John’s angry and urgent attitude can be really off-putting to read. But it’s a little easier to understand why he’s as impatient as he is when you read a text like our first reading this morning from Isaiah. John is expecting the arrival of a Messiah who will be like the “root of Jesse” described here, and he is expecting it SOON. Matthew’s gospel especially makes a lot of connections between the writings of Isaiah and the life of Jesus.
And in this particular passage, what Isaiah is describing is basically the kingdom of heaven that John the Baptist is preaching about. And it sounds pretty intense! Isaiah writes:
The wolf shall live with the lamb,Isaiah 11:6-9
the leopard shall lie down with the kid,
the calf and the lion and the fatling together,
and a little child shall lead them.
The cow and the bear shall graze,
their young shall lie down together;
and the lion shall eat straw like the ox.
The nursing child shall play over the hole of the asp,
and the weaned child shall put its hand on the adder’s den.
They will not hurt or destroy
on all my holy mountain;
for the earth will be full of the knowledge of the Lord
as the waters cover the sea.
That is an incredibly radical vision of peace and justice in God’s kingdom. And it doesn’t sound very much at all like the world as we know it now. Isaiah uses these really surprising, even unnatural, images of creation to emphasize just how different God’s kingdom will be from the systems that we humans have set up for ourselves. It’s not necessarily that we should expect lions to literally eat straw or for our babies to go around playing with poisonous snakes. But we should be prepared for the kingdom to be radically different from what we’ve known – to be radically different even from our ideas of what it will be like. We do know it will be a place where no one hurts or destroys, where all lives will be welcomed and valued, and where all creation will live together in peace. But Isaiah is telling us that it will be even more than what we can imagine.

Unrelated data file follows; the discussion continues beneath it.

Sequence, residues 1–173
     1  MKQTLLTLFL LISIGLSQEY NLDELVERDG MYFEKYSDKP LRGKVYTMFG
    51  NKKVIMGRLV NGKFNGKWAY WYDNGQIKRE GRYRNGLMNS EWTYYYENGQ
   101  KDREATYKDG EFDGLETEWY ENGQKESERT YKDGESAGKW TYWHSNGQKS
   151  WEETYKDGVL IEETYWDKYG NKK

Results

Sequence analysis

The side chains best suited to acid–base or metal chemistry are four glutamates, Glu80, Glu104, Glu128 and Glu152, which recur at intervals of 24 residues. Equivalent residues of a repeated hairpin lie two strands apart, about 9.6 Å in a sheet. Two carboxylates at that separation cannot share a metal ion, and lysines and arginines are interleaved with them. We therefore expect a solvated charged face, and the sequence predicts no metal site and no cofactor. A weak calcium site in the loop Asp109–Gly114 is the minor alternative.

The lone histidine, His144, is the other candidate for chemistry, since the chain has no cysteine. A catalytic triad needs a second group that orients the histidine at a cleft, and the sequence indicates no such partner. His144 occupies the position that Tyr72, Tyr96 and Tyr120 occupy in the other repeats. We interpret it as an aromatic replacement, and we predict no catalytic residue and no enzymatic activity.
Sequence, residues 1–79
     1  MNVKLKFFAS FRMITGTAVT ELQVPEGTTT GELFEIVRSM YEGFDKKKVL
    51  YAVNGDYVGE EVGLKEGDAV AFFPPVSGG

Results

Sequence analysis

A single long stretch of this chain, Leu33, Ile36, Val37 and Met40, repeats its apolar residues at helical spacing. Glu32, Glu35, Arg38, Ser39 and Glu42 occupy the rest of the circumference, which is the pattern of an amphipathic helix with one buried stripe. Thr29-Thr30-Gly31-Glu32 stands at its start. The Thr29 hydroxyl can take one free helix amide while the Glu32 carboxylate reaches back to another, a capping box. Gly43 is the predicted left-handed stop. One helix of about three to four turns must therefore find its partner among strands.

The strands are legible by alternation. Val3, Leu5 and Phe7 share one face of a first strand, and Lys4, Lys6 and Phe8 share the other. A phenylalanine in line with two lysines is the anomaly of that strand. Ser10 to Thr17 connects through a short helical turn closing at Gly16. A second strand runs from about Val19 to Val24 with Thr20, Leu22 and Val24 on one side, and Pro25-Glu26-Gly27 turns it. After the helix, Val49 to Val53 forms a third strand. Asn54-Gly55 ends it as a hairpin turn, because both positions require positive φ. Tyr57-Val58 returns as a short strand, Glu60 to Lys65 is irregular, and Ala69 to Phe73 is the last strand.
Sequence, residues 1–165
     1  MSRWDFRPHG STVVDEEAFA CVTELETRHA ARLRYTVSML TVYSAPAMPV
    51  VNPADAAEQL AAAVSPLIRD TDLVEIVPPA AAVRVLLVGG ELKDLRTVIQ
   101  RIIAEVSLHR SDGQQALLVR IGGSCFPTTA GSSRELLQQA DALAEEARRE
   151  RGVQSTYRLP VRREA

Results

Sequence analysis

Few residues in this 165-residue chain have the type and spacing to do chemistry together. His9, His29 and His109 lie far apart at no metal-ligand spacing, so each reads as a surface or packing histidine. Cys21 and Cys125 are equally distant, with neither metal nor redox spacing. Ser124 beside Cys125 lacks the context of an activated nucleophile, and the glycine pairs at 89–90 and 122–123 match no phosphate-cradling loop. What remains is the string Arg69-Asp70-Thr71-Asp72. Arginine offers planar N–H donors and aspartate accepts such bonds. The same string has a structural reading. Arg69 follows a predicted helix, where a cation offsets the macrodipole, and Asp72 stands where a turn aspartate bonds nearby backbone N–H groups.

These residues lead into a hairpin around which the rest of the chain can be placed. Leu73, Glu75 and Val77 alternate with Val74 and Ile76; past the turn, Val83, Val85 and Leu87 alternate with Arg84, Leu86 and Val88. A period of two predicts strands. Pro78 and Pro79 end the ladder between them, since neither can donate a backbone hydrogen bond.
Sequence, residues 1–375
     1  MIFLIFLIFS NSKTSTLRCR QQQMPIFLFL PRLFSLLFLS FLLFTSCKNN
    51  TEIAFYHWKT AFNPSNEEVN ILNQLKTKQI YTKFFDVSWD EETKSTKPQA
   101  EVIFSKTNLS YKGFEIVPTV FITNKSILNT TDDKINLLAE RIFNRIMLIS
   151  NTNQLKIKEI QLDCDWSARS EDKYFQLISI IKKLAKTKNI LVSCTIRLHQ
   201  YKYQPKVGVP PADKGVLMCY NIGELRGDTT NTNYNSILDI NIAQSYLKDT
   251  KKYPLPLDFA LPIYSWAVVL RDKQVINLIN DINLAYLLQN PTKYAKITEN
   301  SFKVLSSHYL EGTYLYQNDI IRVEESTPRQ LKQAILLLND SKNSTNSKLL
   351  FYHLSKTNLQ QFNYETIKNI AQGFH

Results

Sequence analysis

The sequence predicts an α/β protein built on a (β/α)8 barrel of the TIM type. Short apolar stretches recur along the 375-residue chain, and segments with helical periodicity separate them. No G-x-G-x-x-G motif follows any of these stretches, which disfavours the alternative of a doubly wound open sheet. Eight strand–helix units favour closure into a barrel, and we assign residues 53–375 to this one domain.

That’s the kingdom of heaven that John is trying to prepare the way for. And to be clear, John’s call for us to repent is NOT a call for us to feel crappy about ourselves. That’s not it at all. It’s a call for us to realign our lives with Christ. It’s a call for us to turn and open our hearts, to reorient ourselves and our priorities toward God’s radical kingdom of peace. That is repentance. And while it can feel crappy sometimes, that’s not the goal of it.
John uses the image of the wheat harvest in the gospel, which is actually really helpful. The farmer brings in the wheat from the field – seed head and stalk and all, the whole plant except for the roots. Then the threshing and winnowing process is meant to get at the most valuable part of the wheat plant – the actual grain of wheat. Now if you’re the wheat, I can’t imagine that it feels very good to be chopped down and beaten and burned until your chaff is all gone. But the farmer doesn’t do it because they hate the wheat or because they’re trying to punish it. On the contrary, it’s because of how deeply they value the wheat! The discomfort of that transformation is meant to bring out the best parts of us, to welcome us into the granary.
The humbling experience of my time in Peace Corps was uncomfortable, even painful at times. But I feel like that experience of repentance was a threshing and winnowing that helped bring me closer to being the person that God has called me to be.
This is what God is calling each of us to do. And Advent is the perfect time to slow down and reflect on where there might be a little extra chaff in our lives. It’s a good time to wonder where the Spirit might be calling us to turn back to God, not just in our lives as individuals, but also in our life together as a congregation, as a church, as a nation, and even as a world.
Advent is a good time to pray for God’s wisdom and to pray for God’s guidance so that we, too, might “bear fruit worthy of repentance.” And if you’re anything like me, there’s a fairly good chance that that fruit might end up tasting a little bit like mango.